Départements : Stratégie et Politique d’Entreprise, GREGHEC (CNRS)

Mots clés : cross-sector collaboration, hybrid arrangements, interorganizational governance,organizational design, public-private partnerships, social value


Focusing on the collaboration intersecting public, non-profit and private spheres ofeconomic activity, we analyse the conceptual forms of hybridity embedded in these novel inter-organizational arrangements, and link them to different mechanisms of creating social value. Wefirst disentangle alternative notions of hybrid arrangements in existing literature by proposing aconceptual typology on two theoretically complementary yet distinct dimensions: hybridity ingovernance and hybridity in organizational logics. We show how both forms of hybridity canjointly occur in complex public-private and cross-sector collaborations, and propose the notion ofvalue as a crucial bridging point between these perspectives. Crucially, we develop a conceptualframework on key theoretical mechanisms leading to economic and social value in these inter-organizational collaborations. Our work deepens the understanding of how diverse, hybrid formsof collaboration can create value and builds critical links between previously disparate streams ofliterature on public-private interaction, cross-sect or collaboration and social enterprises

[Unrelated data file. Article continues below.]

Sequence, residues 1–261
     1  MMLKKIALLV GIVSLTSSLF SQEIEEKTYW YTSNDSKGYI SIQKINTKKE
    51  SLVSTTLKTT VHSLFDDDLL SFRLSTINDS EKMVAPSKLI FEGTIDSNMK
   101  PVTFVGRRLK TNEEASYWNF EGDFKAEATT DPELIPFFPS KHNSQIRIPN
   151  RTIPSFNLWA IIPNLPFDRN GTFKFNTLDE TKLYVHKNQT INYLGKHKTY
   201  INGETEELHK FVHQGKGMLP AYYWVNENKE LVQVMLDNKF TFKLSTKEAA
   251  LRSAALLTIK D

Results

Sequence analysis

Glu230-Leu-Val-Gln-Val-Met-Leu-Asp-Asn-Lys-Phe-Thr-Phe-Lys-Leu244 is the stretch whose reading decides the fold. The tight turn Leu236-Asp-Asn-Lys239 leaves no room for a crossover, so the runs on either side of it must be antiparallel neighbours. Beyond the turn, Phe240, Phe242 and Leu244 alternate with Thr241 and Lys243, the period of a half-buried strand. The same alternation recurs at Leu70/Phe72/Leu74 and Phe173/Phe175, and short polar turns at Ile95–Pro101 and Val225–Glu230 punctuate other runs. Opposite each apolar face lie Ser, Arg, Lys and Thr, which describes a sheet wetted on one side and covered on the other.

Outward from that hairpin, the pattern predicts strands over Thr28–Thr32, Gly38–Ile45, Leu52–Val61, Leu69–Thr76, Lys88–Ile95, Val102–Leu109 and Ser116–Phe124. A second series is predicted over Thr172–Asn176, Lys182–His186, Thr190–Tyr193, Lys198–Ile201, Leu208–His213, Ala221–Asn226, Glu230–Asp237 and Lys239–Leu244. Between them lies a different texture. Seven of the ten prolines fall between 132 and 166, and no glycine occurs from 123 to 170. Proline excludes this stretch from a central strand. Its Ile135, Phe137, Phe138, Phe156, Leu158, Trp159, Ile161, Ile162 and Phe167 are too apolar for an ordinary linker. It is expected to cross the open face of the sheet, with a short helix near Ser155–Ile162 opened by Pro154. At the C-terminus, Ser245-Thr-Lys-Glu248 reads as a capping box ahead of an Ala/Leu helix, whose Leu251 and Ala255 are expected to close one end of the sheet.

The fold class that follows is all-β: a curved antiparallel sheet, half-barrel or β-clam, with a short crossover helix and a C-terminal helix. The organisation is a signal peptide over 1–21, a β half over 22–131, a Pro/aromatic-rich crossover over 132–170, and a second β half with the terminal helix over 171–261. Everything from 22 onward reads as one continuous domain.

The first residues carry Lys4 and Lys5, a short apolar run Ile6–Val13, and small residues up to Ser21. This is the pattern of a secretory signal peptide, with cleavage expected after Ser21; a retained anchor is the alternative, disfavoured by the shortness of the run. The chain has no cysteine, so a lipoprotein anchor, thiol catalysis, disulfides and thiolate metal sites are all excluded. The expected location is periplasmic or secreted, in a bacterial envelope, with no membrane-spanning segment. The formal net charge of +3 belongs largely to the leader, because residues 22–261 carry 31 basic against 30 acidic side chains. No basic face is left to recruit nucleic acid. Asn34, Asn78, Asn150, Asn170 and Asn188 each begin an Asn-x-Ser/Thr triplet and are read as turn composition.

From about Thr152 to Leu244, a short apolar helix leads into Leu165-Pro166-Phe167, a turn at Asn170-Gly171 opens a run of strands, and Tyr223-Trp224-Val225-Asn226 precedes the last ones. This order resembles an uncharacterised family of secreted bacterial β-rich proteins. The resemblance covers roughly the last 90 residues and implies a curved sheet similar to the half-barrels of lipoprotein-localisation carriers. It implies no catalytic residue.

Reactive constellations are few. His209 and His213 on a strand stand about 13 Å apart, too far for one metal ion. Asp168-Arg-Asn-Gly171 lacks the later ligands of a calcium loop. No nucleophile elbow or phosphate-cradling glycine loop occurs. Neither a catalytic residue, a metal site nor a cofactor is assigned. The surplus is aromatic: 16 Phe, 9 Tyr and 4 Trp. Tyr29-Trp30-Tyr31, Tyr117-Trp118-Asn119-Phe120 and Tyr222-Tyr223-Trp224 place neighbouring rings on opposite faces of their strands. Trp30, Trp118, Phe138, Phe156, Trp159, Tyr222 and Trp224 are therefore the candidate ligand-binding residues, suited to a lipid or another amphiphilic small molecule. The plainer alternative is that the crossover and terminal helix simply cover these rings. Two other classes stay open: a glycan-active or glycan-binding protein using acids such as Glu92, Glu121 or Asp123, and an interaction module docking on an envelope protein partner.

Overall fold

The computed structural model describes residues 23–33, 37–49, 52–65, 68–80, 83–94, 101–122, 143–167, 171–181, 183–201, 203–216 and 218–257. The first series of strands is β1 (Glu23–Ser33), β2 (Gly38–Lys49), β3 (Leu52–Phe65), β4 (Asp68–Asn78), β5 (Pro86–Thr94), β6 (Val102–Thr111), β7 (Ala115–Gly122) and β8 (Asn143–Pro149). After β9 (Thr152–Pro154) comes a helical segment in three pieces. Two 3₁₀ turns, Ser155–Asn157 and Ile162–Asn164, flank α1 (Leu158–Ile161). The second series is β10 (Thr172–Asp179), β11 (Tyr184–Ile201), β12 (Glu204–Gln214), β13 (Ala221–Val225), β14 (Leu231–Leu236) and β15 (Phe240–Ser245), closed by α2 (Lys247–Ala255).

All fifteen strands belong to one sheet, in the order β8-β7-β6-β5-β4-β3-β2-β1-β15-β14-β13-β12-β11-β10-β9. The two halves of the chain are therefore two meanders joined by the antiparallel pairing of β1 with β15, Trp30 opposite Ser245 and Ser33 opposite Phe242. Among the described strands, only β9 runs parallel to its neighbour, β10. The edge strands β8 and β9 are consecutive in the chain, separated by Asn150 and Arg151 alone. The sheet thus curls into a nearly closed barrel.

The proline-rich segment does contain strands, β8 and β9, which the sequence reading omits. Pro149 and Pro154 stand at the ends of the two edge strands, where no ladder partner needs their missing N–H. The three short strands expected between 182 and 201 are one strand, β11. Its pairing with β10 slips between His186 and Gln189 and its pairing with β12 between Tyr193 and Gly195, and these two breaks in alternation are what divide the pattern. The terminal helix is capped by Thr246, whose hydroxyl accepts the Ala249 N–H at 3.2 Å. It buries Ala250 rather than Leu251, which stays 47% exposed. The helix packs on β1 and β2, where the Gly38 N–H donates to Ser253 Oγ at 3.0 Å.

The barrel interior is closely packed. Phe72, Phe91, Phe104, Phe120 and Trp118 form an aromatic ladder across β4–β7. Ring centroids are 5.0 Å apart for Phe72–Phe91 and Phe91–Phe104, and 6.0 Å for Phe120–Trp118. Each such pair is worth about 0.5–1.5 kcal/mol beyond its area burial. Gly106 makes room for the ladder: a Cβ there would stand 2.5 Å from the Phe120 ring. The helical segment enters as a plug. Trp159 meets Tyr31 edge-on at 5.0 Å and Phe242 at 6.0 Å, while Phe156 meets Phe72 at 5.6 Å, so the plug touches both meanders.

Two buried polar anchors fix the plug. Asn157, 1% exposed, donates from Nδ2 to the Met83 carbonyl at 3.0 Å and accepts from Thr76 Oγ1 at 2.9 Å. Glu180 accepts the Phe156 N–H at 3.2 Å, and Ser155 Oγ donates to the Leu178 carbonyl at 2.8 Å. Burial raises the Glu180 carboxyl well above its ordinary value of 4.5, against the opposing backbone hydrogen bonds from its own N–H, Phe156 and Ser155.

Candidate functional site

Strategic Investment in Renewable Energy Sources: The Effect of Supply Intermittency

S. AFLAKI, S. NETESSINE

Manufacturing & Service Operations Management

Summer 2017, vol. 19, n°3, pp.489-507

Départements : Informations Systems and Operations Management, GREGHEC (CNRS)

Mots clés : Electricity Generation, Renewables, Intermittency, Capacity Planning and Investment, Incentives and Contracting

https://papers.ssrn.com/sol3/papers.cfm?abstract_id=2661582


To analyze incentives for investing in the capacity to generate renewable electricity, we model the trade-off between renewable (e.g. wind) and nonrenewable (e.g. natural gas) technology. Renewable technology has a higher investment cost and yields only an intermittent supply of electricity; nonrenewable technology is reliable and has lower investment cost but entails both fuel expenditures and carbon emission costs. With reference to existing electricity markets, we model several interrelated contexts - the vertically integrated electricity supplier, market competition, and partial market competition with long-term fixed-price contracts for renewable electricity - and examine the effect of carbon taxes on the cost and share of wind capacity in an energy portfolio. We find that the intermittency of renewable technologies drives the effectiveness of carbon pricing mechanisms, which suggests that charging more for emissions could unexpectedly discourage investment in renewables. We also show that market liberalization may reduce investment in renewable capacity while increasing the overall system's cost and emissions. Fixed-price contracts with renewable generators can mitigate these detrimental effects, but not without possibly creating other problems. In short: actions to reduce the intermittency of renewable sources may be more effective than carbon taxes alone at promoting investment in renewable generation capacity

Systemic Risk in Clearing Houses: Evidence from the European Repo Market

C. BOISSEL, F. DERRIEN, E. ORS, D. THESMAR

Journal of Financial Economics

septembre 2017, vol. 125, n°3, pp.511-536

Départements : Finance, GREGHEC (CNRS)